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Paliperidone for irritability in adolescents and young adults with autistic disorder.
Psychopharmacology (Berl). 2012 Sep; 223(2):237-45.P

Abstract

RATIONALE

Individuals with autistic disorder (autism) frequently exhibit significant irritability marked by severe tantrums, aggression, and self-injury. Despite advances in the treatment of this symptom domain in autism, there remains an ongoing need for more effective and better tolerated pharmacotherapies.

OBJECTIVES

The aim of this study is to determine the effectiveness and tolerability of paliperidone for irritability in autism.

METHODS

This is a prospective, 8-week open-label study of paliperidone in 25 adolescents and young adults with autism. Primary outcome measures included the Clinical Global Impressions-Improvement (CGI-I) Scale and the Irritability subscale of the Aberrant Behavior Checklist (ABC-I). Concomitant medications (except antipsychotics) were permitted if dosages were stable for ≥2 months.

RESULTS

Twenty-one (84 %) of 25 subjects ages 12-21 years (mean 15.3 years) responded to paliperidone, based on a CGI-I Scale score of 1 or 2 (very much or much improved) and ≥25 % improvement on the ABC-I. The mean final dosage of paliperidone was 7.1 mg/day (range 3-12 mg/day). Two subjects discontinued paliperidone prior to study completion (moderate sedation, n = 1; nonresponse, n = 1). Mild-to-moderate extrapyramidal symptoms were recorded in four subjects. A mean weight gain of 2.2 ± 2.6 kg (range -3.6 to +7.9 kg) was recorded. Mean age- and sex-normed body mass index increased from 23.6 to 24.2 (p ≤ 0.001). Mean serum prolactin increased from 5.3 to 41.4 ng/mL (p ≤ 0.0001).

CONCLUSIONS

Paliperidone treatment was associated with significant improvement in irritability and was generally well tolerated. Larger scale, placebo-controlled studies are needed to elucidate the efficacy and tolerability of paliperidone in this population.

Authors+Show Affiliations

Section of Child and Adolescent Psychiatry, Department of Psychiatry, Indiana University School of Medicine, Christian Sarkine Autism Treatment Center, James Whitcomb Riley Hospital for Children, 705 Riley Hospital Drive, Indianapolis, IN 46202-5200, USA. kstigler@iupui.eduNo affiliation info availableNo affiliation info availableNo affiliation info availableNo affiliation info available

Pub Type(s)

Clinical Trial
Journal Article
Research Support, N.I.H., Extramural
Research Support, Non-U.S. Gov't

Language

eng

PubMed ID

22549762

Citation

Stigler, Kimberly A., et al. "Paliperidone for Irritability in Adolescents and Young Adults With Autistic Disorder." Psychopharmacology, vol. 223, no. 2, 2012, pp. 237-45.
Stigler KA, Mullett JE, Erickson CA, et al. Paliperidone for irritability in adolescents and young adults with autistic disorder. Psychopharmacology (Berl). 2012;223(2):237-45.
Stigler, K. A., Mullett, J. E., Erickson, C. A., Posey, D. J., & McDougle, C. J. (2012). Paliperidone for irritability in adolescents and young adults with autistic disorder. Psychopharmacology, 223(2), 237-45. https://doi.org/10.1007/s00213-012-2711-3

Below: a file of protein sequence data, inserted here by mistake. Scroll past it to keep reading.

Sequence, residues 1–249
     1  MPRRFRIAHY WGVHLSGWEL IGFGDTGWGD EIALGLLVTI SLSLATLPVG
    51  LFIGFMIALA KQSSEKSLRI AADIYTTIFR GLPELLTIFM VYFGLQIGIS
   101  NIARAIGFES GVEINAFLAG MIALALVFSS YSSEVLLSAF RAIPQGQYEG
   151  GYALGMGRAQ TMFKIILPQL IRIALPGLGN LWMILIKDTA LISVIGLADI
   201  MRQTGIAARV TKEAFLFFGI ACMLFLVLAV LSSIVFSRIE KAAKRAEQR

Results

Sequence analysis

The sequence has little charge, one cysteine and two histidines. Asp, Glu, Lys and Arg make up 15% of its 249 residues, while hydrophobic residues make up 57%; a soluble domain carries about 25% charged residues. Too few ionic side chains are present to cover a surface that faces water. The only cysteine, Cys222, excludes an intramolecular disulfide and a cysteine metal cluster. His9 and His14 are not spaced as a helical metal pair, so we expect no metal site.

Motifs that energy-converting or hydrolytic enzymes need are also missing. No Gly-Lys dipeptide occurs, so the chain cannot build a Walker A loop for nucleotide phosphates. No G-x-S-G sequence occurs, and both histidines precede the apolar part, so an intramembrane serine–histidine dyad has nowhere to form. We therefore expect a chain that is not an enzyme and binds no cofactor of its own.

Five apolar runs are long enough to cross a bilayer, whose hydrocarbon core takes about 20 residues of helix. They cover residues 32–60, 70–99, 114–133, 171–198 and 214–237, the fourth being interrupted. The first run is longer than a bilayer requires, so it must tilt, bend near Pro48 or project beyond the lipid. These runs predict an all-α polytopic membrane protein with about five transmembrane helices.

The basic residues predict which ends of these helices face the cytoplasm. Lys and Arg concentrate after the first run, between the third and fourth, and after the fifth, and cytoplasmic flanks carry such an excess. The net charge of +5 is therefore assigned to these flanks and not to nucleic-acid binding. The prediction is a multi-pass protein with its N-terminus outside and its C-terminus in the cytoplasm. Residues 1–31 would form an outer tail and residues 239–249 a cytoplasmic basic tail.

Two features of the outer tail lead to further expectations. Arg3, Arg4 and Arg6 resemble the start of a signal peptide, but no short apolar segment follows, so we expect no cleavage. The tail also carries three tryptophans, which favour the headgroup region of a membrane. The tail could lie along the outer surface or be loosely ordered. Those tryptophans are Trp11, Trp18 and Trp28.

Stigler KA, et al. Paliperidone for Irritability in Adolescents and Young Adults With Autistic Disorder. Psychopharmacology (Berl). 2012;223(2):237-45. PubMed PMID: 22549762.
* Article titles in AMA citation format should be in sentence-case
TY - JOUR T1 - Paliperidone for irritability in adolescents and young adults with autistic disorder. AU - Stigler,Kimberly A, AU - Mullett,Jennifer E, AU - Erickson,Craig A, AU - Posey,David J, AU - McDougle,Christopher J, Y1 - 2012/05/03/ PY - 2011/09/03/received PY - 2012/03/28/accepted PY - 2012/5/3/entrez PY - 2012/5/3/pubmed PY - 2013/1/15/medline SP - 237 EP - 45 JF - Psychopharmacology JO - Psychopharmacology (Berl) VL - 223 IS - 2 N2 - RATIONALE: Individuals with autistic disorder (autism) frequently exhibit significant irritability marked by severe tantrums, aggression, and self-injury. Despite advances in the treatment of this symptom domain in autism, there remains an ongoing need for more effective and better tolerated pharmacotherapies. OBJECTIVES: The aim of this study is to determine the effectiveness and tolerability of paliperidone for irritability in autism. METHODS: This is a prospective, 8-week open-label study of paliperidone in 25 adolescents and young adults with autism. Primary outcome measures included the Clinical Global Impressions-Improvement (CGI-I) Scale and the Irritability subscale of the Aberrant Behavior Checklist (ABC-I). Concomitant medications (except antipsychotics) were permitted if dosages were stable for ≥2 months. RESULTS: Twenty-one (84 %) of 25 subjects ages 12-21 years (mean 15.3 years) responded to paliperidone, based on a CGI-I Scale score of 1 or 2 (very much or much improved) and ≥25 % improvement on the ABC-I. The mean final dosage of paliperidone was 7.1 mg/day (range 3-12 mg/day). Two subjects discontinued paliperidone prior to study completion (moderate sedation, n = 1; nonresponse, n = 1). Mild-to-moderate extrapyramidal symptoms were recorded in four subjects. A mean weight gain of 2.2 ± 2.6 kg (range -3.6 to +7.9 kg) was recorded. Mean age- and sex-normed body mass index increased from 23.6 to 24.2 (p ≤ 0.001). Mean serum prolactin increased from 5.3 to 41.4 ng/mL (p ≤ 0.0001). CONCLUSIONS: Paliperidone treatment was associated with significant improvement in irritability and was generally well tolerated. Larger scale, placebo-controlled studies are needed to elucidate the efficacy and tolerability of paliperidone in this population. SN - 1432-2072 UR - https://www.unboundmedicine.com/medline/citation/22549762/Paliperidone_for_irritability_in_adolescents_and_young_adults_with_autistic_disorder_ L2 - https://dx.doi.org/10.1007/s00213-012-2711-3 DB - PRIME DP - Unbound Medicine ER -